My parents, on the other hand, they are good cooks. My father is the sort of person whose shopping cart is filled with eggs, butter, fresh produce, and milk, never frozen dinners or Hamburger Helper. The kind of person who cooks salmon and mushroom roulade without a recipe and gets asked to do dinner parties.
My mom, too, has her specialties. The limited Chinese terms my father knows are all for describing the foods she makes. Her rice is the best we’ve ever had, anywhere. Her pot stickers are so perfect that when one of my friends said she loved Dragon Wok’s dumplings, I forced her to come to dinner so she could see what she was missing. And unlike my father, the cook, and me, the baker, mother’s favorite is something unique: bread.
My mother ate like a bird as a child. She loathed meat, hated most vegetables, and didn’t care for fruit. Instead, she bought freshly baked bread on the way home from school and ate the whole loaf herself. When she moved to this country and was first introduced to my father’s family, the only thing she ate was mashed potatoes and dinner rolls. To a group of thick steak and buttered greens loving foodies, this was unimaginable, prompting my grandfather to title her the Carbohydrate Queen.
My mom eats basically everything now, but she still loves bread best. And so it was she who baked these delicious rolls with freshly grated carrots. Me, I’m scared of yeast. But my mother, she’s fearless.
On another note, thank you to Eliana of A Chica Bakes for passing the Friendship Award onto me. It’s so sweet! I have to pass it on to 8 other bloggers…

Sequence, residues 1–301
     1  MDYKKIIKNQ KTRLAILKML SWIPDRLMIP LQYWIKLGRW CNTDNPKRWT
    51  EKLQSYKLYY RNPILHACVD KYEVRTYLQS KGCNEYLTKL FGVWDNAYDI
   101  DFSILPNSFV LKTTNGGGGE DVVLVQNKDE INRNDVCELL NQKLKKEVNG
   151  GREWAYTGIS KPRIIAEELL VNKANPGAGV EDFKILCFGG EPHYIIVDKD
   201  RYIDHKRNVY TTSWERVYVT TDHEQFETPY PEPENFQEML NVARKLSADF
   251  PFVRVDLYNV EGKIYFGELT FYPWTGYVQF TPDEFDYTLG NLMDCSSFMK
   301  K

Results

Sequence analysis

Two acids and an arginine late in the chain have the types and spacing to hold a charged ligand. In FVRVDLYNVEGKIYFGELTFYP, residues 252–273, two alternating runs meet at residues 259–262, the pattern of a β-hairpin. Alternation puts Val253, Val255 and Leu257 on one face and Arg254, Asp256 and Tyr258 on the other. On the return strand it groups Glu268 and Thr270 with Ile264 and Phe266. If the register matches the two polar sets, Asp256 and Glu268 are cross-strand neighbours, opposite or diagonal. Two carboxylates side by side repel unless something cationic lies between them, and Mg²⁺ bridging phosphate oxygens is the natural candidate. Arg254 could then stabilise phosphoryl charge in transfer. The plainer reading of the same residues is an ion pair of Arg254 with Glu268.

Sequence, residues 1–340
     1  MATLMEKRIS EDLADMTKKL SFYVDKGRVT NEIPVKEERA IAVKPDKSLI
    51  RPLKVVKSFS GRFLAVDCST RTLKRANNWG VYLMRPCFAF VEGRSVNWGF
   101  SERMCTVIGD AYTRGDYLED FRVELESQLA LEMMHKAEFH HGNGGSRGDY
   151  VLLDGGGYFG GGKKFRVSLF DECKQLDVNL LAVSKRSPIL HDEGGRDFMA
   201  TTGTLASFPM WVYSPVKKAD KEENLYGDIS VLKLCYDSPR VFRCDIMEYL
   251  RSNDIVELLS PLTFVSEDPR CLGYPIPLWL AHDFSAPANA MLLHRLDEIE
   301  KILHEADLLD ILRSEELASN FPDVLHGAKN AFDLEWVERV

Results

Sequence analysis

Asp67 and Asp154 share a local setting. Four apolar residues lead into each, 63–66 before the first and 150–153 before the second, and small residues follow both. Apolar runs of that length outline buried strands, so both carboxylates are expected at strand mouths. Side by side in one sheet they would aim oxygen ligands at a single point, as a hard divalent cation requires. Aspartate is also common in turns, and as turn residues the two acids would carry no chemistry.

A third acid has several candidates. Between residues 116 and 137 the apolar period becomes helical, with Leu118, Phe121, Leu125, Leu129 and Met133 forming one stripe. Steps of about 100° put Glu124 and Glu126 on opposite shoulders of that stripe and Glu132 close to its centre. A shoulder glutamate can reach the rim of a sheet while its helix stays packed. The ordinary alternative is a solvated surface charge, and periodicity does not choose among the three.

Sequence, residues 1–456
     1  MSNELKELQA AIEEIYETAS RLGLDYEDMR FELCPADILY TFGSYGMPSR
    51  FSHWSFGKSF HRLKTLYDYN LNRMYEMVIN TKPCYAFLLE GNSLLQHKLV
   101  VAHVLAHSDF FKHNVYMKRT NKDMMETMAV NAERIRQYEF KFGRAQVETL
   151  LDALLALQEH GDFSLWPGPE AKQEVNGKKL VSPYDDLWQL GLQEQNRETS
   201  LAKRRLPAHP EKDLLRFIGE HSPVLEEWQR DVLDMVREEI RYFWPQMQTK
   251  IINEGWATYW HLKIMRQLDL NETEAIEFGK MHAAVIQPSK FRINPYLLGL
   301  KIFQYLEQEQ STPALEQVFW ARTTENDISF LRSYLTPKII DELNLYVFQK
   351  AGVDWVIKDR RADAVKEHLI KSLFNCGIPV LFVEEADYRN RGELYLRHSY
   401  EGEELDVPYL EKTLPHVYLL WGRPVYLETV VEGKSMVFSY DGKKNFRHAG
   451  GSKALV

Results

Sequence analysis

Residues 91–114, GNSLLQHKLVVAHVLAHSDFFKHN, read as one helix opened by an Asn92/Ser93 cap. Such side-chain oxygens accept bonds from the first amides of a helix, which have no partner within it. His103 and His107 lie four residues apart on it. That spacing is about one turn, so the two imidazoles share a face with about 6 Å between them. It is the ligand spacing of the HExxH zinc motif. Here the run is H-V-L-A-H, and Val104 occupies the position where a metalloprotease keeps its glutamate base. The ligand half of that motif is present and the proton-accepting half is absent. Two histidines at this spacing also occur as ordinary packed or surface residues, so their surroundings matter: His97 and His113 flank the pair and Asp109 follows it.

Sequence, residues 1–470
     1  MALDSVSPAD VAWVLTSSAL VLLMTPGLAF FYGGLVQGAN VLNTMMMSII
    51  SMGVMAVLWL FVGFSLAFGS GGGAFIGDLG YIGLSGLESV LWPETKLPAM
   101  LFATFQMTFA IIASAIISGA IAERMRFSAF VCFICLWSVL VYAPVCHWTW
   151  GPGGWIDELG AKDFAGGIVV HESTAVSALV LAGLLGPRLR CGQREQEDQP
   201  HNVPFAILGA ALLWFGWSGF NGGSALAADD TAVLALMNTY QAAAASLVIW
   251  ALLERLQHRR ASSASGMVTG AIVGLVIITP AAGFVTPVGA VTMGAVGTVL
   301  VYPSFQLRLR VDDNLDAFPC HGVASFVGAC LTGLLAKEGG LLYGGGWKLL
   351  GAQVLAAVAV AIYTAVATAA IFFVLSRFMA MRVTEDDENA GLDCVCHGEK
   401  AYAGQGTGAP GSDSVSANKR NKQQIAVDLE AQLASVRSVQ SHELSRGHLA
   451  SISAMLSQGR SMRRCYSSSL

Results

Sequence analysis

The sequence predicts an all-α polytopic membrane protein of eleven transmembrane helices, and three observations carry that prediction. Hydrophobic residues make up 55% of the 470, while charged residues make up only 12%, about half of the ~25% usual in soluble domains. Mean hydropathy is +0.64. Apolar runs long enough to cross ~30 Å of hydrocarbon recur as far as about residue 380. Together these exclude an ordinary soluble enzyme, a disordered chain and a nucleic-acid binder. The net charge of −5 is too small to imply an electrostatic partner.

“These blogs are exceedingly charming. These kind bloggers aim to find and be friends. They are not interested in self-aggrandizement. Our hope is that when the ribbons of these prizes are cut, even more friendships are propagated.”
Thanks to all of these bloggers for supporting 17 and Baking, and inspiring me with their delicious creations.
– Amanda of Is This Thing On?
– Marta of Just Call Me Marta
– Alicia of Bakeaholic
– Alana of The Good Girl Gone Blog
– Darina of Gratinee
– Jenny of Raising Our Kids in America…
– Danica of Think It, Bake It
– Kristen of Dine and Dish (A special thank you for hosting the Adopt-A-Blogger event… More on this later!)
So I’ve developed this new bad habit of bringing my camera with me everywhere. It’s in my backpack at school, my purse when I go shopping, even my pocket when I’m going out to lunch.
Maybe it isn’t a bad habit in the way biting your nails or burping loudly is a bad habit. But like those things, it’s occasionally rude, distracting, and slightly embarrassing. I whip out my camera before the waiter even leaves the table, saying to my family, “Wait – just let me get a few shots of it first.” Yeah, it’s a little weird even for me.
Then again… When the photos look like that, who can really call it a bad thing? (:
I think I’m going to include something new once in a while on 17 and Baking and see if it’s a welcome addition. There is so much great food that I don’t make and isn’t necessarily sweet. Since I always have my camera on hand, and I already photograph pretty much everything I eat – why not blog about it? Seattle restaurants, bakeries, farmer’s markets…
Another issue is that May is approaching. I’m an IB/AP student, meaning I have some really big tests to take throughout the entire month of May. I should really be studying right now, in fact. So I don’t have as much time to bake as I’d like to for a short while… These posts about eating out can let me keep up the blog and practice my photography without taking up as much time. (In summer, though, I plan to bake like crazy!)
So let’s dig in, starting with Tutta Bella Neapolitan Pizzeria, a charming little pizzeria in beautiful Columbia City, Seattle…